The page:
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EL PASO HERALD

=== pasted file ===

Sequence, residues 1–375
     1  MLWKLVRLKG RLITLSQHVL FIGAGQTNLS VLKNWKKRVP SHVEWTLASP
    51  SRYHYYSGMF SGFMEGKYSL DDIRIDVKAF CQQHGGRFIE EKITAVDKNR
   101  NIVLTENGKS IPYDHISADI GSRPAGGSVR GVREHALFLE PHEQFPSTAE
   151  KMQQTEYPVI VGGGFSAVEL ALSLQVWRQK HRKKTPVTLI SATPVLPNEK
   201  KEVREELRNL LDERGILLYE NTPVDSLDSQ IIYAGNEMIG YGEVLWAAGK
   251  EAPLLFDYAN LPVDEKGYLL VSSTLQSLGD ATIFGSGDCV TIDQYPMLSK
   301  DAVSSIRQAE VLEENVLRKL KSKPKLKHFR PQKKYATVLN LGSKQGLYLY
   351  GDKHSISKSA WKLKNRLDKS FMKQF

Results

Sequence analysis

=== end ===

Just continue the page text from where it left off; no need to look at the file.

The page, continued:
TODAY'S PRICES. Pjsos, 52!4c; Mexican gold, $50; nationales, $25 JO; bar silver, domestic 99Hc, foreign 68Hc; PP". 13 I3c; grain, lower; livestock, steady; stocks, lower. HOME EDITION WEATHER FORECAST. EI Paso, fait, colder; west Texas, fair, colder; Mexico, fair, coettr; Ansoaa, lair, cooler. LATEST NEWS BY ASSOCIATED PRESS BY SI UL, tl A MONTH IN TEX S. il ARIZ.. AND HEX.; ELSEWHERE, 3L50. El. PASO. TEXAS, THURSDAY EVENING, JANUARY 6, 1921. CARRIER DELI VERT. 11 A MONTH. SINGLE COPIES. S CBNT& 10 PAGES TODAY OURT RULING VIEWED AS BLOW TO LABOR NEWMEXICO TO CLAIM COLLECTORSHIP JOB AT THE EL Santa Fe Politicians .Said to Gamble For U. S. District Attorae If They Take Collector ship George Curry May Be Collector Hard Fights in New Mexico and Arizona For Federal Pie, By CL A MARTIN. PHOENIX. Ariz., Jan. 6. Victors politically in New Mexico. Arizona and El Paso are not as happy trouble of too many applicants for too It has been eight years smce the counter and they are rearln' for the0 cnanee now. Arizona is aot quite as bad as New Mexico, as yet, bat there are more applicants than Jobs in this state; in New Mexico there will be five or six men for every Job and :he men who parcel them out are going- to make a lot of enemies when they finally decide. In El Paso there Is going; to be one job less for the victorious Republic ans to fight over if the New Mexi- ans have their way, and they say it has been promised them. They rssert that the customs collectorship belongs to New Mexico and they are coin to have It this time: in fact. ihat it has been promised; by whom they do not say. Gamble for District Attorney. ' They even go so far in New Mexico as to say that they have an agree nent with certain El Paso Republic an leaders to let the customs collec torship go to New Mexico If the New Mexicans will in turn make a fight for Harvey R. Gamble for the United States district attorneyship. This job has always gone to a man in ' ast Texas. Charles Boynton, of Waco, had it the last time the Repub licans gave it out and a San Antonio man holds ft under the present Dem ocratic administration. But in New Mexico they are saying that the El Paso Republicans want Gamble to : ave it this time and that senator Kail and national committeeman Holm O. Bursum have agreed to help 5 im get ft if the El P&soans will k-p off the collectorship. it wan mmorea in jsi paso some t me ago that Capt- Walter Case, who managed the El Paso county Repub 1 can campaign, and helped to carry ir.r cny ana county ior uaxamg. vantea tne collectorship. He is an o erseas man. a captain of artillery, and could, possibly, "make a fuss" about the job if he liked. Maybe the posimastership at El Paso, would suit mm nowever. Vo lss a personage than Bursum himself told mar that New Mexico v ould claim the Job and he believed the state would land it- Charlie Haat WnM a Job. They pay in Santa Fe that Col. Charles Hunt, a pioneer El Pasoan, :-nd at present, or until recently say h ow, operating a "dab in Jure for Americans, is reputed to have askd senator Fall to get the El Paso .-ollectorship for him. but senator Fall is quoted as saying he feared El Pasoan would fight the confirm ation m the senate. He is said to have offered to make CoL Hunt an ambassador to some South American republic, where his Spanish speaking proclivities would make it easy far mm. In Santa Fe, they are talking of George Curry for the collectors?! hi at El Paso. He is an ex-governor of Nfw Mexico, a former governor of a Philippine province, a former chief of ponce oi Manila and a former cap tain in th Rough Riders. Bnrsnm told me the party would get Curry BToocx a zeaeraj jou as possible. Cnrry told me he did not want any i-iaie jo a, inn ne wocia taxe a lea eral Job if it paid enough. Xew Mexico Marshal!. urry has been talked of for United States marshal of New Mexi co, but others are also talked of. Se- cunaino Komero, snerirz or San Mi guel county, is said to have been promised it by th "organization," nut at Santa Fe they say senator ra.ii win gei it ror aanuel Otero, nephew of the late Sol Luna New Mexico boss, if he wants it. Man uel's brother, Ed. is said to be slated for national committeeman If Fall resigns and Bursum is appointed senator. If Fall does not resign. Bursum will enter the race for the senate against A. A. Jones, Demo cratic incumbent, in 1922, and, if elected, which seems probable, he would drop the mantle of national committeeman onto the shoulders of Ed Otero, who as "the crown prince" tt-ould no doubt fitly wear the man tle hlx uncle Sol wore so long. So it goes in New Mexico. All along te line there are several names mentioned for the vari ous Jobs to be given out. Jose M. C ttacd a page 3. mhmh 1.) A Free Calendar For Eoery Reader Of The El Paso Herald ALTHOUGH this is a free calen dar it is by no means cheap or shoddy. It Is printed on white cardboard, and the sixe is 6 by 9 inches. The design is a reproduction, in colors, of an original drawing by the famous artist. J. C Ley en -decker. It is a beautiful and serviceable article of necessity that you will be glad to have before you every day in the year. A copy may be secured free from our Washington Information bu reau. Send your name and ad dress with two cents In stamps for return postage. (In filling out the coupon print name and address or be sure to write plainly.) Frederic J. Has kin. Director, The El Paso Herald. Information Bureau. Washington, D. C-, I enclose herewith tw cents in stamps for return postage on a free copy of the Calendar for 111. City Southern Farmers Now PASO PORT Have Agreed to Support Harvey as they might be. There k the little few jobs. Republicans got to the federal pie Noted Bandit Killer. Masonic Past Master, Dies At Los Angeles LOS ANGELES. CalifL, Jan. S.-J. Frank Burns. 8S years old. said to be the oldest Masonic past master in California, is dead. Boras came to Los Angeles 67 years ago in a wagon train. While sheriff of Los Angeles county he led an expedition into Mexico in pursuit of a bandit known as "Buckskin BUT and re turned with the fugitive's foot as proof he had been slain. There were six toes on the foot, a known peculiarity of the bandit. For killing the outlaw the sheriff was paid more than $4000 by the state. GREEK TROOPS KILL JUDGE OF COURT MARTIAL Colonel Had Held Post Fifteen Years and Passed on Noted Cases. Athens. Greece. Jan. C (By the Associated Press.) A party of sol diers. Those identity or affiliations are not known, assassinated Col. Stefan Fatxeas. whs was the chief Judge advocate of court martial under venixeios. The colonel, was killed near his home. Col. Fatseas haa acted as lodge in numerous celebrated cases of a semi- politteal nature and Bad Incurred much enmity in consequence. fir naa neia tne poet ox juajte ad vocate 15 years, and was ai years old. ALLIES NEAR DECISION ON REPARATION Paris. France, Jan. C Great Britain and France are in close accord rela tive to the subject of German dis armament and reparations, says the London correspondent of the Matin, in discussing the meeting of allied premiers to be held here January 19. He adds the British cabinet still fa vors granting Germany some time In which to bring about the disband -meat of civil guards, but has taken the attitude that the allies should de mand immediate delivery of all secret processes for the manufacture of ex plosives and poison gas. LAST YEAR'S LOSSES MAY BE CHARGED AGAINST THIS YEAR, BUT PUBLIC MUST GET BENEFIT BY DAVID WASHINGTON. D. O. Jan. . Business men throughout tbe United States are breathing easier as a result of two decisions by tne treasury department with refer ence to income taxes, but they should oear in mind a warning which offi cials of the aovernment are exnreas- ing informally, namely, that unless the public gets the benefit of the same prices as are put on income tax blanks, there will be prosecution for ir&na. roe ruling ot the treasury de partment is bound to relieve business men everywhere, for thousands of them protested by letter and telegram against existing regulations and argued that in view of the abnormal conditions they should be permitted in way xo cnarjre in 13 years losses against last year's business. Should Have Wholnwrae Effect. The treasury department took the matter under advisement and has ruled that under the law it was per missible for firms to adopt as a basis for Inventory the actual market value of the goods on hand today. This means that the government will not exact a tax on money that is really not earned, and the effect of the rul ing on business should be exceedingly wholesome. The terms of the inline are technical and rather complicated, and can best be understood by an illustration: If a merchant had on hand $5000 worth of goods on Decem ber JJ. m, or .at any rate. If in his income tax statement be told the eov- ernment that he had ,S0a in goods in stock, that item is used as a basis for the calculation. Thus, daring the year 1920. he bought more goods for 913.000. the total of J 17,000 would represent the value of the goods originally. But in view of the fact that in most instances tbe selling prices have fallen below actual cost, a merchant is permitted to estimate what is the market price of his goods on hand. Supposing that prices have shrunk so that the market value of the f goods is only S0O0. The mer chant, therefore, can deduct $8000 from U7.00, and the remainder. J9000. becomes the cost of his goods. Then if be received $10,000 for his goods during the year, his actual profit on which taxes would be paid, would be tne auierence Between the cost, J90no. and the sale. $10,000. or $1000. Simi larly, if his money receipts were only Royalty Gathers For W edding Of Austrian And Italian Nobility rRIN. Italy. Jan. 6. There is a great gathering of royalties at the castle at Agli, for the marriage of princess Bona, third child of the dnke of Genoa, and prince Conrad, son of prince Leo pold. Conrad's mother was the daughter of the late emperor Francis Joseph. Among those who have already arrived are archduke Joseph of Austria, who held an important command on the Austrian front against Italy during the war. and all members of the house of Savoy except the duke of Abrcxxi, who is in Africa. RESCUE SQUADS WATCH TRAILS FORAERONAUTS Food And Extra Clothing Sent To Weather Worn Airmen. DEFINITE WORD OF PROGRESS LACKING Expected To Reach Coch rane From Hudson wilds On Friday. pOCHRANH, OnU Jan. i. Definite v word as to the progress being made by the three United States naval officers now dog sledding their way back to civilization after being swept in a balloon from Rockaway, X. Y to the wilds of Hudson Bay territory, still was lacking today. Seasoned trappers of the Hudson Bay company, speculating on the meagre reports of Indian runners from Moose Factory, where the aeronauts de scended, predicted they would arrive here by tomorrow. Reene Squads Sent Out. There also was some doubt as to the trail selected by the Indian guides. Some thought they were winding down the Hissanabi river, i while other trappers said weather conditions favored the Abltlbi river traiL The mercury registered ealy a few degrees below aero. Rescue squads carrying food Jtnd extra clothing, were out on each trail. hoping to meet tse oincera. it was agreed that if either squad fails to meet -the weather worn airmen by night Can, It will return, in the belief tnat tne outer sqnaa nas met on the other tralL them FARMERS MAY HAVE CHAIN OF MARKETS St. Louis. How Jan. 6. Plans for establishing a nation-wide chain of cooperative markets and purchasing agencies were under consideration at the opening session of the tenth annual convention of the Farmers Equity union here today. In addition to promoting the union's own markets, delegates an ticipated the organization would de side on measures to be taken to par ticipate in the movement for cen tralized grain and livestock markets launched here last month at the ag ricultural conference called by the national board of farm organizations. L.IWREXCK. KO09 he could subtract It from the cost of $9000 and show loss of $2000 and pay no taxes whatever. Iublle Must Get Benefit. The important factor, therefore In the ruling, is market price. What does the term mean? Every merchant will have to make his own estimate. But the government will exercise a careful check on the "market price and will investigate and compare all classes of returns so as to discover just what the prevailing prices were at any given period. If it should be discovered that a merchant on his in come tax return said the market value of so many articles was such and such a price, the government will see if the merchant actually gave the public the benefit of these prices and did sell his goods at these figures. Should there he a material discrepancy between 1 what the income tax returna said was the market price and what the public actually paid, the government will consider the difference prima facie evidence of fraud and will prosecute offenders. Actual cost market prices accord ing to government officials, means the cost to a merchant of replacing the goods. After all. that is the prices which a competitor would have to pay for the same kind of goods If he had no stock on hand and there will be plenty of instances of this kind on income tax returns which will enable the government to tell whether a man with the goods on hand properly valued his goods. It is natural ly to the interest of the merchants to show on his income tax return that his goods have shrunk to a small price because that helps to diminish the else of the profits on which taxes are paid, but if the gov ernment does not find the merchant selling to the public at somewhere near inventory prices the charge of fraud will be entered and the in come tax return will be held up and all sorts of complications would fol low. On the other hand government of ficials anticipate that business iri gen eral will obey the spirit of ruling and will be more than anxious to give the public the benefit of reductions be cause in taking losses at this time the merchants will not have to pay so much money to the government in I taxes, and may. indeed, in many in j (Continued on page 2 column 4.) Realize That IRISH MAYOR GETS PERMIT ON PAROLE TO ENTER AMERICA Cotk Official In Country As Stowaway. Appeals Direct to State Department From Decision of Immigration Board at Norfolk; Deportation Awaits Settlement of "Diplomatic Ques . question," Say Labor Department Officers. WASHINGTON. D. C. Jan. 6. Secretary W3on. of the labor depart ment, announced today that he bad granted parole to lord mayor O'Callaghan, of Cork, detained at Newport News by immigration authori ties, on bis own recognizance pending decision as to his admission into the coumxy. Under secretary Davis said the state department was considering; the appeal of the lord mayor that the passport restrictions imposed upon the entry of an alien into the United States be waived in bis case, and that the decision of the department might be transmitted to secretary Wilson today. Final action then would be taken by the labor secretary. Ordered Kxeladed. Exclusion of Daniel J. O'Callaghen. lord mayor of Cork, had been ordered at Norfolk by a board of special In quiry. O'Callaghan appealed from the ruling and the case was referred to the state departments ior decision as to whether it will waive the soecial passport regulation. O'Callaghan him self also made an afmeal direct to the state department in the hope that the absence of a passport might not debar mm xrom tne uniteo states. Cp to State Department. Secretary Wilson's decision in CCal-laa-han's case, it was indicated today by the department of labor officials. win rest upon that oi tne aepartment of state on account of the "diplomatic character" of the questions involved in O'Callaghan's entry into the coun try. Frederick C. Howe, chairman of the commission of the committee of 1M investigating conditions in Ireland, today sent to the lord mayor at New port News the following telegram: "Owing to the fact that the British government agreed to place no ob stacle In the way of witnesses invited by tbe commission on Ireland. I did not connect the report of your land ing as stowaway with the invitation extended you more than two months ago by the commission. Regret this exceedingly. Tbe next meeting of the commission will be In Washington. January 17. Ton and Mr. HacSwiney are invited to appear and testify. Mr. Howe also announced that he had taken up the lord mayor's case CHICAGO DRUGGISTS SALOON SUBSTITUTE, SAYS DRY OFFICIAL CHICAGO. TIL. Jan. C. Announce ment that three government' ex perts on brewery Investigations are expected here today from the east to facilitate the closing of Chicago breweries, suspected of making real instead of near beer, followed close ly the refusal of Ralph W. Stone, state prohibition director, to renew the federal permits of 311 wholesale liquor dealers In Illinois. "Physicians and druggists have simply been substituted for saloon keepers in supplying whisky to the thirsty." Mr. Stone declared. Mr. Stone said numerous physicians in Indiana, where whisky cannot be prescribed for medicinal use. had opened branch offices In Illinois in WOMAN SHIELDED BY BARRAGE . FIRE FROM SMUGGLERS IS SHOT; CHILDREN ALSO USED AS TOOLS GERTRVOSZ MOXTALTA, aged MexfteaBt vrontam, witfc shot and eerie siily freunded by imml gratl officers early Thursday vfhen .they say she attempted to erosa the border near Kueaiyptus street. Tvftk a saek of ttaila. un der pr4eetfR of a barrage fired from see Healers. Charges of crossing the border without a passport, and of transport ing liquor were filed against her be-' fore United States commissioner A. J. W. Sen mid by C A. Perkins, chief im migration officer. The liquor charge was filed as re sult of 'a sack of bottled tequila be ing found beside her after the shoot ing, according to the officers. ImailsratSon officers say that smagklers are making a practice of ualBg women and children to fcriag liquor across tbe Hb, In the hoie of appealing to the sympathy FLYING BOATS OFFERED FOR SALE BY U. S. "Washington. D. C. Jan. C To en courage the development of commer cial aerial transportation and the training of civilians as airplane pilots for use in time of war the navy de partment has authorised the sale ot 125 coast patrol flying boats at about one-third cost price. It was announced today. The machines are of the HS-2-L. type equipped with the 40 horse power Liberty motors and capable of seating six persons. The announcement of the sale said the boats would "afford an ideal means of quick, comfortable and safe transit for the busy business man from his business to his country home." TEXAS LEGION POSTS OPPOSE JAP COLONIES tsrownsviiie. xexas, jan. e. Ameri can Legion posts of five towns in the lower Rio Grande valley met at Ban Benito last ntebt and formed a vallev council and executive committee pri marily to eriecting systematic oppo sition to Japanese colonization In this section, it nas announced today ic was Toteo to invite state senator Bledsoe of Texas to address mass meetinp? at Har ling-en and McAllen, to explain the anti-allen land bilL The Tariff with the Immigration authorities i qt De Valera Denies Peace Talk. Dublin, Ireland. Jan. . Eamonn De Valera, -president of the Irish repub lic" denies that the Irish Sinn Fein is making peace overtures to England, says the Freeman's Journal in an ex clusive forecast of De Valera's forth coming manifesto. Speaking In behalf of the movement. De Valera. is quoted as saying he would not turn a deaf ear to nro poeals of the English government If they are based upon recognition of Ireland as an independent faction. When representatives of the English nation are prepared to meet represen tatives of the Iriah nation on an equal national footing, peace talk will be possible, tbe forecast of tbe mani festo continues. De Valera explains, adds the news paper, that his return from America was necessary so that he might re sume responsibility for the direction of the Sinn Fein, to view of the arrest of Arthur Griffith, the founder of the organ us flop, and of Prof. MacNellL In the manifesto De Valera Is quoted as aenying uuu ne is unaer guaran tees of protection from the English government, and It Is stated that the crown forces are searching- for him and are anxious to place him under arrest. Plot To Blow Up Tower. Troodon. Eng.. Jan. S. A plot to blow no that section of the Tower of London where the crown Jewels are stored was discovered, according to the Daily Sketch. During a recent raid of certain Sinn Fein premises, the location of which Is not revealed, documents were discovered revealing Instructions of Sinn Fein in London how to carry out the plan, which pro vided for the use of ume fuse bombs. Wakefield tower, which is known as the Jewel house, contains the royal (Continued on page 1 eelamn 7.) order to obtain prescription books, i but he added that he had revoked their permits in many instances. Lfauor Permits Farced. New Tork, Jan. . Discovery of 02 false and forged withdrawal permits for liquor valued at J1.750.0OO among the records in the office of Charles p. O Connor, federal prohibition di rector, was made during a search today ordered by him on bis return from Washington. The permits were need in the withdrawal of liquor from bonded warehouses in Iocs of from M to 250 eases. Mr. O'Connor announced that be ginning Monday all liquor withdraw als would be shut down for one week. of the officers. beHevIug they would not fire on women and children as quickly as they would on men. and that If they should capture them they would be given more leniency According to report of officers, they saw the woman approaching several minutes before she reached the bor der. As she crossed bearing a heavy sack, they reported, they called upon her to halt. Instead, officers say. she moved rapidly away from them. Officers followed, and as they did- so. they re ported, smugglers opened fire upon them from three directions. The officers returned the fire, aim ing at the spurts of flame. The Mexi can woman was hit In the leg, and fell. Tne rinng ceasea almost immeaiateiy. oi doers rcponoo. The woman was sent to the Provi dence hospital. CHURCH WANTS MILLIONS FOR WORK IN 1921 Now York Jan. 6 The budget of the Presbyterian board of foreign missions for 1121-22 will be more than J2.5W.000. provided the entire $12,000,000 Presbyterian budget is raised, it was announced here last night. Of the whole budget 12.738. 000. will go to three women's boards and the remaining sum will be ap portioned to 13 other boards and agencies. Wholesale reductions of the various allotments are an nounced. , The amount of care for aged and disabled ministers and widows and orphans was cut from $2,029,465 last year to S350.000. ALASKAN MAIL BOAT MISSING WITH? ABOARD Washington, D. C Jan. 6. The United States mail boat Pnlitiser with at least seven men on board has oeen missing since December 15 and may have been lost in the straits of Sueli koff. Alaska, secretary Payne was ad vised today by Gov. RiBgs of Alaska. Both the navy department and the coast guard service have been askd by secretary Payne to send out search- vesseis. Has Been An Old Coal Mine Now Is Raging Furnace Under A Pennsylvania Town SCRANTON'. Pa.. Jan. . Resi dents of lower West Scranton are living over a rasing fur nace, while officials of the Dela ware. Lackawanna ft Western Rail road company and the police and fire departments are making an effort to determine the location of a fire in what la Believed to be old mine workings abont 500 feet underground. The fire waa dis covered Monday. The bias, spread rapidly and It is believed approximately 50 acres of underground area Is afire. Officials say there is no appar ent danger at present to people living in the area. FORTSTOCKTON IS STARTLED BY BIG OIL GUSHER Drill Taps 5000 Barrel Well At Depth Of Only Feet. FIELD PROVEN, SAY EXPERTS Pecos County Excited And Rush To New Section Has Started. PRT STOCKTON. Texas, Jan. e. Roaring like the sound of dis tant thunder. Fort Stockton's oil gusher, the shallowest in the world, is spouting at the rate of 5000 barrels of oil a day to tbe accompaniment of seething excitement on the part of townsfolk and visitors. The big gusher came in late yes terday when the drill struck it feet into the earth. The lack of depth at which the oil was found waa not surprising, for within a short dis tance stsnds the derrick over a 60 foot pumper. Oil Xear -Sarfaee. It was known that oil lay close to the surface, but the sudden advent of a gusher spouting thousands of barrels of "black gold" Into the air is an entirely different thing. The new well is the property of tho Grant Oil corporation, to which the shallow pumper referred to be longs, and to located 14 miles from Fort Stockton, on section . block 140. T. t St L grant. Bstiaiates Oa Prodaetlea. The estimate of 50aa barrels, from the rusher Is maAm hv SB V v.wh superintendent at the well, and while some conservative oil men estimate tne now as low as 3000 barrels. otners just aa conservative agree News of the discovery was flashed throughout Pecos county last night, and today indications point to a rush to this city. It is generally conceded that the advent of the new well es tablishes this section as a proven field and that the hated term of "wildcat" can no longer be applied to it Stampede from Feces. Pecos, Tex.. Jan. . Oil men desert ed Pecos today In what amounts to a stampede for the new discovery at Fort Stockton. So heavy was the traffic that vehicles passing' over the ground have marked a well defined road between the two points. According to reports which have reached here, the well at Port Stock ton was struck at the incredible depth of less than 100 feet. It is re ported to be near a well which is (Continued oa page S. column 4.) EL PASO MANUFACTURERS WANT MODIFICATION OF MINIMUM WAGE LAW FOR WOMEN AND MINORS JOHN HICKS. El Paso manufacturer, will go to Austin next Sunday, where he will represent El Paso employers in an effort to get the legislature to modify the minimum wage law for women and minora. Mr. Hicks was selected for the mission Wednesday afternoon at a meeting of employers at the chamber of com merce. The employers of El Paso, after several comerencea among them selves, with attorneys and with rep resentatives from this county in the legislature, have decided to oppose the minimum wage law by showing the legislators how It would throw many employes out of work and force many firms in this city that could not pay the Increase the law requires to close. In the opinion of EI Paso's employ ers tbe present law Is unconstitu tlonsl snd would be so held by the supreme court IC that body were aaked for an opinion. The employers, however, made it plain that they do not impose a minimum wags law. Vir tually every one ot the 2 or mora Cooks Collect Money For Slaroing Children AMELIA" who haa a cousin in Poland and declines to give her last same, read about Tbe Herald newsboys contributing money for the starving children in Europe, and she started out to collect something from cooks working In El Paso. She haa turned in $4 50 to treaaurer Bas sett. and expects to collect more. As a matter of fact a good many of the smaller individual contri butions represent more real sacri fice and Interest than some not so small, and It would seem as If more than 300 El Pasoana might be found who thought enough of America's obligation, to contribute something, no matter how little, to the (31.000.000 fund needed to sus tain the lies of 3.500.000 children until next harvest. Less than half El Paso s quota of 3:0.0j0 has been tMs (1. Economic FEDERATION CHIEF CONTRASTS OPINION WITH STEEL CASE Frank Morrison Declares Supreme Tribunal's Decision in Boycott Suit "Supports Claim of Labor on Attitude of Federal Courts When Human Rights and Dollars Are Involved;" Thinks Ruling Destroys "Worker's Only Weapon. AXTASHrNGTON. D. C Jan. 6. Dedskms of the supreme court in the Doplex Printing company and tbe steel trust cases "support every claim made by organized labor on tbe attitude of federal courts when human rights and dollars are involved." Frank Morrison, secretary of the Jobless Plan March On Capital To Protest Inaugural Lavishness NEW YORK. Jan. . Plans for a march on Washington, to ex hibit Itself as a protest "aa-alnst lavishness of the presi dential inang-nratlon" were made tonight by the "American Legion of Jobless." organised at a meeting on the East Side. The "legion's" commander said the march won Id start from New Tork abont February l. and that the procession wonld be accom panied by rolling kitchens and a food train. After adopting resolutions call ing vpon congress to pass laws giving Insurance against unem ployment, the "legionaires" sham bled down Second avenae to the municipal lodging house and a free bnnk. JAP FAMILIES v ORDERED OUT OF HARLINGEN Citizens Hand "Move On" Sign to Prospective Farm Settlers. Harlinsen, Texas. Jan. . Two families of Japanese who arrived here last nia-ht from the west intenritn? to settle on farming hM. w - atlon and Inform by a oommlttM of !.-.. tho prrsvace was undesirable. They were told they could remain overnight, but were "exnert! tn Imw" Thnrst. No threats were made against them. The party comprised two men, two women and four children. This is the second demonittrat.nn against Japanese hers daring the week. Another Jananese fmiv stopped here early in the week and was told to "move on." Considerable anti-Japanese senti ment has developed in Rio Grande valley towns during: tbe last two months since committees representing various American legion posts of the Buue nave oeen advocating legislation w pronion Japanese ana from settling in the valley. Chinese ANNOUNCES HIS CANDIDACY FOR U. S. SENATOR Austin. Texas. Jan. C Judge Wm. E. Hawkins, who rellnanishMt his nn- sltlon as associated Justice of supreme court today, announced he will be a candidate for United States senator to succeed senator Charles A- Culber son, at expiration of the tatter's term. The new associate justice, judge Wt iwn. wu sworn in toaay. men who attended Wednesdays meet- ub. urcuiimi ne zavoreu protecting women and children workers. Bat they all said they opposed a blanket .It' coverlne every part of the state alike for the reason that In a state so large as Texas the conditions tarled as widely as they do over the Lnlted States ss a whole. Weak! Kvree Vp Prices. The employers at their meeting went on record in favorfof a mini mum wage law, but for a xone svs- lem as the means of applying It. EI Paao, because of its remoteness from ' tne agricultural and industrial cen- 1 lers or lexaa and because of the dit- , ferent nature of Its labor, should be iu auiereni xone from tbat which Dallas, for Instance, should , be In. More, the El Paso employers I tavor a labor commission, three mem-! bers of which shall be named by the j state and two by the locality In which I adjustments of the law shall be, made, the local members to be neither employers or employes. Several employers said they did not object to the present law because it required that women be paid a mini mum of 312 a week. If a woman earns that much, the employers said they would gladly pay it. But they pointed out that In nearly every fac tory, laundry, in the telephone ex change, etc. most of the help was new and inexperienced and could not earn 313 a week and that if such help were paid that much It would mean an enormous increase In prices to the public or suspension of business. Says Lair X.t Xeeded. State senator R. M. Dudley who at tended the conference said he and other legislators would be glad to see some representative of El Paso's business interests come to Austin to advise them about legislation wanted. Crawford Harvle. who presided, said that the main purpose of the present law la to force women out of work so men can get the Jobs, as the anions can organise men batter tnaa women. The law will become effec tive February 7 unless an amend ment modifying It is previously en acted. A. Schwartx. one of the conferes pointed out thst with the cost of liv ing dropping he did not believe a minimum wage law of the present kind to be needed, although it may ha e been once- Question All American Federation of Iabo r. sain in commenting on tne opinion wn declared secondary bovcotts a. voli tion of the Sherman act. "Compare with this position by tsa snpreme court its refusal to dissotvs the United States steel trust " he sal-! "The minority opinion in that ca.-e declared the trust was 'organized i plain violation and bold defiance' i the antitrust act, but the court re fused, to dissolve it becau5 of a risk of Injury to the public interest incladintr a material tiisTu-ba.r.ce c and, it may be serious detr -nec.t i; the foreign trade The court's decision In the juplei Machinlsts case is the reult of .n? efforts of tbe machinist to .rnprov-i conditions They secured the3 con ditions from tnree iarse pr- - t.ii press concerns and thes? concern called upon tbe machinists to olacf the ruplei upon the fame cenp- -'tire basis. That company refuM. and to hold what they had ic other plants, machinists struck "This movement should be ia,lorod by every human person and the pol'c of the Duplex should be conderrr.-i But the United States euprerse our says that the bocott the wn. kr" only weapon in this case is :"(n' and a violation of the antitru: ac. because it interferes with Interstate commerce." Mr. Morrison indicated that In hf opinion the Duplex decision was the most severe legal blow that organ ised labor movement had receK?d i" many years, when he said it -sopid necessary for lanor to "star p'l Such action as might be necessary to recover the lot ground. e addei, might be expected withojt dflay. Operating Costs Not Offset By Rail Rates Salt Lake City, Utah, Jan. 6. 'Ir creased revenues mads possible ty re cent decision of the Interstate cor-- merce commissicm do n offs-t t-e i lc.re"w.ro2- " r" f raiircj. , oeciarea: G. W. Luce, freicht traff c tnager of the Southern Pacific rail road today in an address diiverel oof ore a local commercial club H- said that railroad rates were out of line only in a few respects and Kat every effort was being made to adjust them. Cardinal Gibbons Is Continuing Improvement Baltimore, if d . Jan. . Ths m provement In cardinal Gibbons s con dition which was said to 1 e .arke ! sine? h'H return horr.- last Mc"-. continued this morning, a merrb- ot I the cathedral staff of pnsts said MANAMA CANAL MAKES A NEW HIGH RECORD Panama, Jan. 6 During the ra!n dar year of !?2' ships numberi-c 2814. with a total tonnage of 1 '."S -000 toa and carrying 11 Jo o-3 of cargo, passed throupn the Pan ama canal, according 'o an off.c il statement made here today TU.s tabllshed a new high record for .'- great waterway, exceeding the trai fic of the fiscal year ending: June last by approximately 20 percent And being nearly i0 percent above hat for the calendar vear of 1919. T0I.5 levied aggregated 310,255 000. League Secretary As Communications Meeting Paris. France. Jan. . Sir Fr.c r-ond s.-eretary general of te league of nations, has call-d a - 11 renco on communications and trai "it to be he!d at Barcelona. Sp.vn. late in February. It is presu-ntrl United States will receive an -tat on to be officially represented Actual conditions egardmg tra- -portafon will be examined and tv meeting will attempt to find so- -means of improving he situation which prevails at present. In adJ - tion, aa International convent ion sro - 1 emtng the freedom of transit . navigable rivers and rai'roads w 'I prepared and the nrolected staru governing ports will he framed, it :s 1 sal a. c J' J tzr-1 OTtOWsttde Mile Wide . , )pcrnit Vfino Timnol Salt Lake City, Ctab, Jan. S V snow slide, one mile wide, s re ported from the Alta mining district. Utah. Two cabins of the Emma Sllv-' mining company and a tunnel at tne Michigan-Utah mine were destroyed The slide passed over bunk houses built into the hills an 4 scores of miners miraculously escaped as a re sult Headliners In Today's Theaters Buor "Broadway And Home," Eugene O'Brien. EIXAXAY "The Song of the Soul," Vivian Martin GRECHN "Fixed by George." Lyons and Morgan. PALACE "B1K Happiness ' Dustln Farnum. RIALTO "The Devil to Pay." "You Never Can Tel!. ' Etbe Daniels. WM.W AM "The Fortune Telier. ' Mariorle Ham beau (Read amusement ads on page S ) The Tim?